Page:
Print
Hon. Erna Hennicot-Schoepges, a former president of Luxembourg’s Chamber of Deputies, moderates Plenary Session III.
In Plenary Session III, which is devoted to the 2017 Sunhak Peace Prize, laureate Dr. Sakeena Yacoobi speaks at length about her work.
Sunhak Peace Prize laureate Dr. Gino Strada recalls his experiences in war-torn countries.
Hon. Erna Hennicot-Schoepges, Dr. Sakeena Yacoobi, Dr. Gino Strada and UPF International President Dr. Thomas Walsh (from left to right)

Click here for more information on the Sunhak Peace Prize.

Moderator Hon. Erna Hennicot-Schoepges, the former president of the Chamber of Deputies (1989-2009) of Luxembourg, introduced the laureates:

Dr. Sakena Yacoobi, the chief executive director of the Afghan Institute for Learning (AIL), Afghanistan, spoke about her work. When she founded AIL in 1995, Afghanistan had been at war for 13 years and more than half of the population was displaced. Millions had died, Dr. Yacoobi said. The country and its institutions were destroyed. AIL has the following core principles: Involve the community; allow communities to define their own needs; listen to the community; provide high-quality and culturally sensitive training and programs; whatever you promise, deliver; and take the time to cultivate trust, and work to maintain it. She told inspiring stories about a school for refugee children in the refugee camps.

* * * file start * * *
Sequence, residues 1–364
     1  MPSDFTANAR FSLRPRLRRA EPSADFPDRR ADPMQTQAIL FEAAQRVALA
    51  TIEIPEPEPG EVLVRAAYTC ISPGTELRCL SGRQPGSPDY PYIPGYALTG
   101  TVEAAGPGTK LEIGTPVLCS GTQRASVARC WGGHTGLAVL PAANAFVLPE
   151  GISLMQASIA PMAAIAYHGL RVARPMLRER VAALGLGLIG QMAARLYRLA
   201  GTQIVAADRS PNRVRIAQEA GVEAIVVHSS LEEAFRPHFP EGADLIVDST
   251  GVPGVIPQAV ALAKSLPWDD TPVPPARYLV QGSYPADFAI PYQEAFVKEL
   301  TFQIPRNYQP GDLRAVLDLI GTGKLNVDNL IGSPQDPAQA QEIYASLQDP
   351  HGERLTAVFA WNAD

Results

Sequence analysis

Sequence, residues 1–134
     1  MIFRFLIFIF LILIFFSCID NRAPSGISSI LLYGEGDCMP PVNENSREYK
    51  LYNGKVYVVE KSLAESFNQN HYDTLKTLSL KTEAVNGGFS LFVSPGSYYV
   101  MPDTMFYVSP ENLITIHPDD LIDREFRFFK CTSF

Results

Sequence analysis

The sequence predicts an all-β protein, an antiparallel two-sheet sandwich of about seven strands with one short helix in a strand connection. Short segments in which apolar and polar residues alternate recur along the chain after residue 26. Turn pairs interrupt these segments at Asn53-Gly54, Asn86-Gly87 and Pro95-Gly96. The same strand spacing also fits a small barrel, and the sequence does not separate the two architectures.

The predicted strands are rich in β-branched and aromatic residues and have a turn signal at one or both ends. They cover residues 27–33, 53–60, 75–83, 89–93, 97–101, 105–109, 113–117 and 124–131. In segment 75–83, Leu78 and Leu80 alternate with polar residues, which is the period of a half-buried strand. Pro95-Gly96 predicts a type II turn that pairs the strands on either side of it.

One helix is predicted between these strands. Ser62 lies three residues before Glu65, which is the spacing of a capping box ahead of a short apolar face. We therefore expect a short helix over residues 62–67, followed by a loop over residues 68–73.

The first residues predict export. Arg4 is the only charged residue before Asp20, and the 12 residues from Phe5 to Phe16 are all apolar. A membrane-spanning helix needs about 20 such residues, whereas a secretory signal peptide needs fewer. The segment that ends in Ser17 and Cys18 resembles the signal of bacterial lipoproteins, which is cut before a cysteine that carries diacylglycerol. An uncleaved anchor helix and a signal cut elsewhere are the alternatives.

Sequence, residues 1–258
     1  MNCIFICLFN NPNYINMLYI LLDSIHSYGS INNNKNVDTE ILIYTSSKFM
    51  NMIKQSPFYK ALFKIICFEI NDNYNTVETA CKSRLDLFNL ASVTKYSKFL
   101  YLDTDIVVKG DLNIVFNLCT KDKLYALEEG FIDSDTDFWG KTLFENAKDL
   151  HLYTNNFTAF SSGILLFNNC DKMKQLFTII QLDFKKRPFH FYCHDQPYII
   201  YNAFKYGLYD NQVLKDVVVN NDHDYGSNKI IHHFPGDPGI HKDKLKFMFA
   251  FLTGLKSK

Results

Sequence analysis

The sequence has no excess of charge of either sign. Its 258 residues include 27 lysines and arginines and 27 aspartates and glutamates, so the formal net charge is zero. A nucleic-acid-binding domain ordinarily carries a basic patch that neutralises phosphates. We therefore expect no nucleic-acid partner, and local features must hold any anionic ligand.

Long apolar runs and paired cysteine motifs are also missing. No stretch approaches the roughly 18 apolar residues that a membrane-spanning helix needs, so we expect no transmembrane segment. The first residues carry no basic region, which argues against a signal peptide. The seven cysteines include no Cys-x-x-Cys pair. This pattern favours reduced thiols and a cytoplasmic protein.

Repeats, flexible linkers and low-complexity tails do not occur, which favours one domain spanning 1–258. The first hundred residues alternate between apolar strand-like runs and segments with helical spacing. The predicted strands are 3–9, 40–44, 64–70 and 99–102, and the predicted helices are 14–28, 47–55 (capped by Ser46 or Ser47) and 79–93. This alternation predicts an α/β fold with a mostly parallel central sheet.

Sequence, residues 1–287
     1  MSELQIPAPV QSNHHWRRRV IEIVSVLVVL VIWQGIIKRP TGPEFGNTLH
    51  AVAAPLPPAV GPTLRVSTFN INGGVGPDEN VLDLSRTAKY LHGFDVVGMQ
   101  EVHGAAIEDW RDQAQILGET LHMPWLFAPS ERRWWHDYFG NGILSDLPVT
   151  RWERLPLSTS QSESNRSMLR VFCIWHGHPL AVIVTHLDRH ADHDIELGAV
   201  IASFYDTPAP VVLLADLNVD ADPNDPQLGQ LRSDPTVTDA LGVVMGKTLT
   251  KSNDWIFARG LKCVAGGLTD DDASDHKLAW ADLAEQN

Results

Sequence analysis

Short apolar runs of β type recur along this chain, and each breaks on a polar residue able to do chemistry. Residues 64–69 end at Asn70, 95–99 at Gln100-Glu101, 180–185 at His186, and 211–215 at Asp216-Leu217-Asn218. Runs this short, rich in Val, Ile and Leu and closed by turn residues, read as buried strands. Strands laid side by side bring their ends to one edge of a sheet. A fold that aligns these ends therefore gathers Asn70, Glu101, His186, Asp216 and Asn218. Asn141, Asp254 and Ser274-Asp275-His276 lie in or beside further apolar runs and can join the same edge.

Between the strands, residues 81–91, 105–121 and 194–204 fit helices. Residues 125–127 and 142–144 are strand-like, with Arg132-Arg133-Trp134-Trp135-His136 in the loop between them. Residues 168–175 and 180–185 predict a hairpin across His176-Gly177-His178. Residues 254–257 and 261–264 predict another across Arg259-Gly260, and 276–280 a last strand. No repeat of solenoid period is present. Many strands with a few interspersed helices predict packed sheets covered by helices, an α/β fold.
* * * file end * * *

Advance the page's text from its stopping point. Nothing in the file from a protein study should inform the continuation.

Dr. Yacoobi described her own story as a refugee when the Soviet Union invaded Afghanistan. “My family all became refugees. I know what it feels like to be in a place where all of your rights have been taken away from you. I know how it feels to lose everything you have, including your dignity and self-confidence.” She called for greater understanding. “We must rise above the hate. We must use our voices for good. We need to remove the injustice and eliminate poverty. War is not the answer to any problem. We must work together collectively to bring peace in this world. In order to do this, we need to share our knowledge and build a support system that provides sustainable results.”

Dr. Gino Strada, the executive director of the humanitarian organization Emergency, based in Italy, recalled his own experiences. “I have spent the last thirty years of my life in war-torn countries, operating on patients in Rwanda, Peru, Ethiopia, Somalia, Cambodia, Iraq, Afghanistan and Sudan. In these and other countries, Emergency—the humanitarian organization I founded 23 years ago—is committed to providing free and high-quality medical and surgical care to the victims of war, whose effects are not limited to the wounded and refugees, but have severe repercussions on the future of entire generations.”

He spoke about the “hypocrisy of the European approach to human rights. On the one hand, we firmly promote the principles of peace, democracy and fundamental rights, while, on the other, we are building a fortress made of walls and cultural barriers, denying access and basic help to thousands of people fleeing war and poverty.”

Dr. Strada called on all the participants to take action and join in the effort. “It is up to the world citizens to take action and conquer peace. Renouncing the logic of war and practicing fraternity and solidarity [are] not only desirable but urgently needed, if we want the human experiment to continue.”